Macau and Hong Kong could be moving closer to a travel bubble, amid reports the number of buses crossing the Hong Kong-Zhuhai-Macau Bridge is set to double.
The so-called Golden Bus will double its frequency from three buses daily to six from Thursday. The bus is the only current transport link between the two SARs, after all ferry services between the cities were suspended in February of 2020.
A travel bubble between the two regions has been highly-speculated for over a year, with Macau authorities initially saying a period of 28 days without local infections in Hong Kong would allow for a re-opening.
The idea was retracted soon after it was floated and Macau’s health bureau announced that such a bubble would depend on an inspection by a team from the Mainland Chinese health authorities. This was curtailed by Macau’s first local cases in nearly 500 days, on August 3rd.
Regarding the possibility of a travel bubble, Ben Lee, managing partner of iGamiX Management & Consulting, notes: “Your first sign is the doubling of the buses. Why would Shun Tak (the bus operator) do that with the current volume of people coming from Hong Kong?”
This move “doesn’t make sense” economically, he notes, unless something else is afoot.
The increase in daily buses accompanies statements by Hong Kong legislators, and the deputy director of the Hong Kong and Macau Affairs Bureau, pushing for the financial hub to open up with Mainland China.
This opening up has been tied to Macau’s opening up with Hong Kong as well.
Given that Hong Kong is Macau’s second-largest market, the move would be a large boost for Macau tourism.
“There’s a strong demand from the Hong Kong middle class who are wanting to go somewhere,” notes Lee, “there’s a huge pent-up demand for staycations. That would be a boon for our non-gaming.”
That F&B and hotel non-gaming revenue increase would also be accompanied by a mass gaming component. The VIP element from Hong Kong would likely be signalled by the resumption of the point-to-point private limo service, which has yet to be announced.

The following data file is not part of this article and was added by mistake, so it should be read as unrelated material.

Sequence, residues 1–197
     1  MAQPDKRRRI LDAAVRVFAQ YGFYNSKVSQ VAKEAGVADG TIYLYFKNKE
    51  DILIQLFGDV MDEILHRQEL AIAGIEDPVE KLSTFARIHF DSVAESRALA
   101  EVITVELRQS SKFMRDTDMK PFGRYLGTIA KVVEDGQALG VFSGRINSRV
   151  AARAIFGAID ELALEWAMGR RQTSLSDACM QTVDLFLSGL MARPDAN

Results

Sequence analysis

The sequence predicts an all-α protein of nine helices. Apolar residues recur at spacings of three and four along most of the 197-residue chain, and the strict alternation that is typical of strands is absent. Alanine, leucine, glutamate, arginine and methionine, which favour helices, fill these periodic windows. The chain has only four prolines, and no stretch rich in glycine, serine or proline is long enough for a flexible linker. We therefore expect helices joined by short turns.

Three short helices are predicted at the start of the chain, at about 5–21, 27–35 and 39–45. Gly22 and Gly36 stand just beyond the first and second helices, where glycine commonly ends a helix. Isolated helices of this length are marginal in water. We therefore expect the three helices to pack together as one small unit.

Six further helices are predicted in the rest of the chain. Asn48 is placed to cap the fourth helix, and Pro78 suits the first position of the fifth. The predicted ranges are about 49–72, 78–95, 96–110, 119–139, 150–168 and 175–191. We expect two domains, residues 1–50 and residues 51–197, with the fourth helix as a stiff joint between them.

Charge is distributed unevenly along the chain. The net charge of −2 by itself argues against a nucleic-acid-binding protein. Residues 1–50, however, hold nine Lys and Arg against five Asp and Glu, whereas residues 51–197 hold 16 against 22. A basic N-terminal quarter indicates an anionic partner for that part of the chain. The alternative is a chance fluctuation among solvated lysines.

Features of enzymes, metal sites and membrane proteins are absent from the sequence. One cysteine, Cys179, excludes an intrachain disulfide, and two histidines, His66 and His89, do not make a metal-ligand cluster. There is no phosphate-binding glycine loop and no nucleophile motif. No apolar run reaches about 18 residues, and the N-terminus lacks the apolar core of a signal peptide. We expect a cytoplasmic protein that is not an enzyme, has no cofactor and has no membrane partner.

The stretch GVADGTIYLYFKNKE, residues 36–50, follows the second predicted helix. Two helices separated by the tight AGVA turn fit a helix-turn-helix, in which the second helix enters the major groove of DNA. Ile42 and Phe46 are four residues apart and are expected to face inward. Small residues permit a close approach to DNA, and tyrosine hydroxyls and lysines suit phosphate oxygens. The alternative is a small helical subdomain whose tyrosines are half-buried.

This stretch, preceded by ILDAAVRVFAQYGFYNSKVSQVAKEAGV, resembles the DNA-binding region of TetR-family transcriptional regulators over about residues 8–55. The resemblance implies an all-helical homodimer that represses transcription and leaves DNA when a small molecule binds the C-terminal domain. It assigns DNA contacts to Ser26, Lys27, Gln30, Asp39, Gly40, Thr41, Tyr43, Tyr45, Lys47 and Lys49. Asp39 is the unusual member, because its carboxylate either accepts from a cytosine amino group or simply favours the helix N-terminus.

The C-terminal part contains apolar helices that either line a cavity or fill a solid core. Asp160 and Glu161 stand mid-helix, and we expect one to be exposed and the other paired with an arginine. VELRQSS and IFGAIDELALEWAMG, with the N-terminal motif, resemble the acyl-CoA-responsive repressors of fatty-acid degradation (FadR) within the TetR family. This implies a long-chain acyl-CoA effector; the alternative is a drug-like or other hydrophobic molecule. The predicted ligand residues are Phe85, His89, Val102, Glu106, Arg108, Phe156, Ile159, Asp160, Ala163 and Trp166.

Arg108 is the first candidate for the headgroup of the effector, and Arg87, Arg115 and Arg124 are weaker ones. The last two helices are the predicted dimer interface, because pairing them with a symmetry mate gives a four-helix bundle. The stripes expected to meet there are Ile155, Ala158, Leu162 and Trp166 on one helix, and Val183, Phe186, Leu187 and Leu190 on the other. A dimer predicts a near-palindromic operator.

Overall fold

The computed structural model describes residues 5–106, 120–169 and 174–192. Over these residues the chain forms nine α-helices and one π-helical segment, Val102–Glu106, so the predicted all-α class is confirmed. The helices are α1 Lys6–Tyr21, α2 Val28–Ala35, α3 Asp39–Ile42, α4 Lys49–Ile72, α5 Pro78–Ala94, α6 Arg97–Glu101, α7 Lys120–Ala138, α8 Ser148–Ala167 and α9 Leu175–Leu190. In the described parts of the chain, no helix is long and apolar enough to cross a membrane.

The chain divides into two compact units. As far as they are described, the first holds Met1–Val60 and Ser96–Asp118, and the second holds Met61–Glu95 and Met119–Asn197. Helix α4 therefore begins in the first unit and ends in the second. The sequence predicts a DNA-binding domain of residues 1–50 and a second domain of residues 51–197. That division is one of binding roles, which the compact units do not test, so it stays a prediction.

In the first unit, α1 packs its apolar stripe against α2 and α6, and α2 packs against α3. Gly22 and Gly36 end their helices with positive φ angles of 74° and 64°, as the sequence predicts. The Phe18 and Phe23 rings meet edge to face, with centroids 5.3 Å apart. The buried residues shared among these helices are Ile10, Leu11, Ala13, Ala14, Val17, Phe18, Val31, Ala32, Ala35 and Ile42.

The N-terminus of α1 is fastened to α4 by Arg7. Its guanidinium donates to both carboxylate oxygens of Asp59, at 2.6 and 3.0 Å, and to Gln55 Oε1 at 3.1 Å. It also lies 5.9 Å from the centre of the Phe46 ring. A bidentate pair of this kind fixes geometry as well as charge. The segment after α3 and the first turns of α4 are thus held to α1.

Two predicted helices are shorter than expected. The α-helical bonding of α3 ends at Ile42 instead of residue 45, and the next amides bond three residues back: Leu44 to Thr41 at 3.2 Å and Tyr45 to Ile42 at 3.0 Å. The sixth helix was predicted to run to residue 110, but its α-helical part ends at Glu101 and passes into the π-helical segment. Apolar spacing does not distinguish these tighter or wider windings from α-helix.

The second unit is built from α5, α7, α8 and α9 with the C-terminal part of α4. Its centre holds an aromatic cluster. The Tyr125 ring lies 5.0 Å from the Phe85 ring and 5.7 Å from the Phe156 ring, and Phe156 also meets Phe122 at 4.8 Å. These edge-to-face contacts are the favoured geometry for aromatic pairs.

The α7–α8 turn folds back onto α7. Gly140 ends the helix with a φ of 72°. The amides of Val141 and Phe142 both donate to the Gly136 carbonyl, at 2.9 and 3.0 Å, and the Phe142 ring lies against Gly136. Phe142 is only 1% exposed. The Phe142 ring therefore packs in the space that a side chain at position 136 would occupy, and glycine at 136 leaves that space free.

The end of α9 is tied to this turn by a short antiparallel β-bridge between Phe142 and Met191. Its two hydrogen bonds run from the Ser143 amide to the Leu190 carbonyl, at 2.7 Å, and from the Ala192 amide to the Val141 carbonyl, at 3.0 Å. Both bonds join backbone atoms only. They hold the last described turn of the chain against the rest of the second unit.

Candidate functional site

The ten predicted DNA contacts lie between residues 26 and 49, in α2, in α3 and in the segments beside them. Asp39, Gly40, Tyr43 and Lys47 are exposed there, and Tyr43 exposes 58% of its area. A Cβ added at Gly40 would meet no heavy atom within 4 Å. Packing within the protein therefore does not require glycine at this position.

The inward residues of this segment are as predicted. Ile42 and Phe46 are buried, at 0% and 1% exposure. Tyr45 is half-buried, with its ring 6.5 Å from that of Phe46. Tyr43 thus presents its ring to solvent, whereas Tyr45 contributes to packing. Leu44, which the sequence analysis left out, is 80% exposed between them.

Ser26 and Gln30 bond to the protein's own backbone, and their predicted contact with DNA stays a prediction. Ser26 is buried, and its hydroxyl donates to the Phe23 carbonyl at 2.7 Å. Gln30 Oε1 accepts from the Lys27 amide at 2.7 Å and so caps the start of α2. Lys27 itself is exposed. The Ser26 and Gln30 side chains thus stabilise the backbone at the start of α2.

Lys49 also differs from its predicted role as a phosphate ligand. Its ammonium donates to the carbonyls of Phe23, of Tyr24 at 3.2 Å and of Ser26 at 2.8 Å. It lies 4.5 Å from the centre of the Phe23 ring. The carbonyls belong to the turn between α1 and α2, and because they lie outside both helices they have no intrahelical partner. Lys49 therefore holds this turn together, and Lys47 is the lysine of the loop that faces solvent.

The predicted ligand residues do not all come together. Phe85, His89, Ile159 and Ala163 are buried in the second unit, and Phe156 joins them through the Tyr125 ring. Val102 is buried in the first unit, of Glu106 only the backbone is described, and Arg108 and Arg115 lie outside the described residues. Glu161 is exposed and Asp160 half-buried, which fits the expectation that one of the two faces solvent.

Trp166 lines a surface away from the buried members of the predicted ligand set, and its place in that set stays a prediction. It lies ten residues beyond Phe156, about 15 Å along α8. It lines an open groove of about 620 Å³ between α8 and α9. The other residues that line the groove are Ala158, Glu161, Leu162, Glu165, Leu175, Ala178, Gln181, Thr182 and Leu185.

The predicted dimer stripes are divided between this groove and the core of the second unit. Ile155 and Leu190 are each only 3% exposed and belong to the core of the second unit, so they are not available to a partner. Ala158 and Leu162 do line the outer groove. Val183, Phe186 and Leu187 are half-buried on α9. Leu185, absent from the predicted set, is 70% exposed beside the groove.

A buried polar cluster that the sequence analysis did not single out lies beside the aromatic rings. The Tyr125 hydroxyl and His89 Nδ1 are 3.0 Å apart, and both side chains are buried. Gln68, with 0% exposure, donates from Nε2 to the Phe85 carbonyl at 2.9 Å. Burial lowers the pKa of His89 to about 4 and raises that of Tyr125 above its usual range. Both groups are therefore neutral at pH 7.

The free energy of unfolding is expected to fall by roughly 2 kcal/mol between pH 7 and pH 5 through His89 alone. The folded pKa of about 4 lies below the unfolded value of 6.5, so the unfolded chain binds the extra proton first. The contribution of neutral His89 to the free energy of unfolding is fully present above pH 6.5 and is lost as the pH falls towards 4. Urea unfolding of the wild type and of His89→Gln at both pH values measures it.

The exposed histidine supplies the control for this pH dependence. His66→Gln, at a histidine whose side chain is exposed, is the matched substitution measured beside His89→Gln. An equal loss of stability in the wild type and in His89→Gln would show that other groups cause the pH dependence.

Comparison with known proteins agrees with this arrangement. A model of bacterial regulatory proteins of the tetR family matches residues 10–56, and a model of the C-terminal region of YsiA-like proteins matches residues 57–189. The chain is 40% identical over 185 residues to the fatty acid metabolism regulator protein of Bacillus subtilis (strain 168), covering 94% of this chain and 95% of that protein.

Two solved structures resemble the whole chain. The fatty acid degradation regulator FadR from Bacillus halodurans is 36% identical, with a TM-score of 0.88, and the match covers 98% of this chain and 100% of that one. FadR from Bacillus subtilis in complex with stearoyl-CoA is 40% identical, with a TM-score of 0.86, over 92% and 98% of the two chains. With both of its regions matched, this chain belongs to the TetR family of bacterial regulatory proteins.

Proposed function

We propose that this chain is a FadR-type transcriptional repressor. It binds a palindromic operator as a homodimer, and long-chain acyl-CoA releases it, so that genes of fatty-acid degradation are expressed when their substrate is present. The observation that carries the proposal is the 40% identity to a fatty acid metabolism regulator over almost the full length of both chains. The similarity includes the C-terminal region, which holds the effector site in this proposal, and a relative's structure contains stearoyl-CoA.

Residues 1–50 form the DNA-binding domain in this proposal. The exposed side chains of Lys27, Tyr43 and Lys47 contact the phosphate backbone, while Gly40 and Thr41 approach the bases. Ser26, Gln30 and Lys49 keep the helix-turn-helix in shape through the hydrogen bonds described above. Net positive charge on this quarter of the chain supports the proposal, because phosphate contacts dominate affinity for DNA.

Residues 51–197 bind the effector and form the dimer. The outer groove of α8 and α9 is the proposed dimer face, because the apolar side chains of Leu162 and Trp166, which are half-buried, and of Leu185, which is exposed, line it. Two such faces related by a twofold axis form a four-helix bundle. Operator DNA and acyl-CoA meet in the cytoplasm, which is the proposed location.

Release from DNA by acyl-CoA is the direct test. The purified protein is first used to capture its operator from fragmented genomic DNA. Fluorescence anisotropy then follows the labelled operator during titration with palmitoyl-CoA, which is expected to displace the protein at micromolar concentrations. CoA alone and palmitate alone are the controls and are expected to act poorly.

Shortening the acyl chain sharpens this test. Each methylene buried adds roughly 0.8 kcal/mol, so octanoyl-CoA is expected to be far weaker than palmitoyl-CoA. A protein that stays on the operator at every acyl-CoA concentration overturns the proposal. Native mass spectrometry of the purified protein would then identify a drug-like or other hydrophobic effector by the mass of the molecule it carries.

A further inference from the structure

But for Lee, the VIP market overall is unlikely to recover: “I doubt if we will ever return to the heydays,” he said – referring to both Mainland and Hong Kong VIP punters.
The new announcement comes a little over a month before the October Golden Week, which operators are counting on to push up numbers slashed by the recent outbreak.
However, the restrictive measures imposed on Mainland Chinese visitors during the period may curb demand, Lee warns.
“It will take awhile for (Mainland Chinese visitors’) confidence to return that Macau is not going to suddenly close the borders, like it did before. It’s still too fresh in their minds,” he notes.
While Macau did not fully shut its borders during the early-August outbreak, like it did in 2020, the reclassification of Mainland Chinese visitors’ health codes, due to their possible exposure to infection, led to them either being required to quarantine, or being kicked out of hotel rooms and prohibited from using public transport, as well as effectively prohibiting them from returning to Mainland China until they were tested and their health code reverted to green.
But visitors from Hong Kong have not yet had to experience this frustration, as quarantine measures on arrivals from Hong Kong have been in place for over a year.
Visitors from Hong Kong “never had that in their mass collective memory. So, if the travel bubble occurs, they’re not going to be as careful or as hesitant,” notes Lee.
And visitation from Hong Kong would not necessarily only be linked to Golden Week, given that the holiday is more celebrated on the Mainland, meaning that the travel bubble could be announced before October 1st.
As of Wednesday, Macau authorities prolonged the validity period of nucleic acid test results for those crossing land borders from Guangdong to seven days, from 48 hours.
However, the 48-hour result is still mandatory for air travel into Macau.
Zhuhai authorities, however, starting from Thursday, are no longer requiring the 48-hour test result, which could potentially facilitate travellers aiming to enter Macau from other regions in China via Zhuhai.
But as long as the memory of the recent outbreak, and restricted border measures remains fresh, the outlook for the third quarter remain subdued: “Provided there are no more Covid cases, it will be a slow but gradual recovery as potential travellers regain confidence in their ability to come to Macau without restrictions coming down immediately without notice,” notes Lee.